#5: Equality
“X-Men” franchise (2000-)

This comic book series is about a group of mutants who are despised by society, but still use their superpowers to kick butt and fight for justice. In this franchise, the X-Men represent any minority that has been oppressed and ostracized. The leader of the heroes, Professor Xavier, with his goal of mutants co-existing with humans, was modeled after Martin Luther King, Jr., while the villain Magneto was modeled after Malcolm X, thanks to his more hard-hitting approach to attaining civil rights and his desire for vengeance against those who terrorized him. Further supporting the “search for equality” message, Magneto is a Holocaust survivor in many incarnations. Huh, and you thought this was just a comic book ride!

#4: Animal Rights
“Planet of the Apes” (1968)

On the surface, “Planet of the Apes” appears to be a cheesy movie about a group of astronauts that crash land on a planet where humans are the chained up, subservient species to apes. Despite its cheesiness, the movie’s role reversal plot does make a strong point about how we treat animals. Interestingly enough, the movie came out around the same time that Jane Goodall was making her studies and would publish her landmark monograph about how chimpanzee society was more sophisticated than we thought. Maybe they aren’t really “damned dirty apes” after all.

#3: Vegetarianism
“The Texas Chain Saw Massacre” (1974)

A movie about a group of teenagers who get lost and become victims of a cannibalistic family sounds like it would appeal to those who love blood and violence. However, some of this slasher flick’s biggest fans are in PETA! The methods that the family uses to murder the teens are reminiscent of the ones used to butcher and dismember cattle in a slaughterhouse. The results are disgusting and disturbing - to say the least. After watching “The Texas Chainsaw Massacre” with this reading in mind, you’ll likely never look at your Big Mac the same way again.

#2: Anti-Feminism
“Mary Poppins” (1964)

The charming Disney classic about a nanny who teaches a family to love and appreciate each other is really about how families shouldn’t need nannies, because mothers should stay at home. What?! Well, if you recall, the Banks family needed Mary Poppins to take care of their spoiled and neglected kids, because the father is out earning a living, and the mother is well… out fighting for women’s suffrage. And by the end of the movie (spoiler alert!), Mrs. Banks gives up her cause to be a housewife… so what we’re supposed to take away from this is: women should know their place?! At least that’s what author P.L. Travers, whose book was the basis of the musical fantasy, believed after she attended the premiere.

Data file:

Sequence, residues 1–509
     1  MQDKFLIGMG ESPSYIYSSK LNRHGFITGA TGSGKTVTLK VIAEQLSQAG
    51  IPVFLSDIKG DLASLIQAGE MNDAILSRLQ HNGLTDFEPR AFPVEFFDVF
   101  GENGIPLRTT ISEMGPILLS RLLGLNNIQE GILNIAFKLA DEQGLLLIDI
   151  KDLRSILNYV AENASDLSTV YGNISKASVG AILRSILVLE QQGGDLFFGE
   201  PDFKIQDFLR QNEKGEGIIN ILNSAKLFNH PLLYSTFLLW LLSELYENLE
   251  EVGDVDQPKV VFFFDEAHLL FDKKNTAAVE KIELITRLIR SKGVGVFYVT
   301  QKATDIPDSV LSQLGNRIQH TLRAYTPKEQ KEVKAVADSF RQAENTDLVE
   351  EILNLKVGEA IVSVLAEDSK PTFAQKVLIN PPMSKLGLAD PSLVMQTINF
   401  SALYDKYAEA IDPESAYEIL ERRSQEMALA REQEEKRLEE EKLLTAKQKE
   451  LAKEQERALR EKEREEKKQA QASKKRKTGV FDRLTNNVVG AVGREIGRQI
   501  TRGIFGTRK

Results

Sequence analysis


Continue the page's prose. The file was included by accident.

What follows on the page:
Before we reveal our top pick, here are a few honorable mentions:
- Hollywood Blacklist
“On the Waterfront” (1954)
- Push for U.S. Healthcare Reform
“Saw VI” (2009)
- Pro-Israel
“World War Z” (2013)
- Making Peace with the Soviet Union
“Star Trek VI: The Undiscovered Country” (1991)
- AIDS Epidemic
“Safe” (1995)

#1: Consumerism
“Dawn of the Dead” (1978)

George A. Romero’s cult classic is a lot more than your standard horror film. In fact, all of his zombie tales focus on different aspects of real life, such as the racism and Vietnam War parallels found in “Night of the Living Dead.” In “Dawn of the Dead,” the premise focuses on a group of survivors barricading themselves in a mall during a zombie apocalypse. By using the mall as the setting, the horror film appears to be taking a stab at consumer culture. For instance, the characters use the free merchandise as a distraction, while the zombies mindlessly shamble to the shopping center, just like they likely did when they were still alive...

Do you agree with our list? What movie do you think has the strongest maskedpolitical message? For more interesting top 10s published every day, be sure to subscribe to WatchMojo.com.
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Mad Max - War for Oil Terminator - Too much technology is bad for us
The Wizard of OZ Progressivism (maybe)
Now I have to see the Lego Movie now that I see that FOX news hated it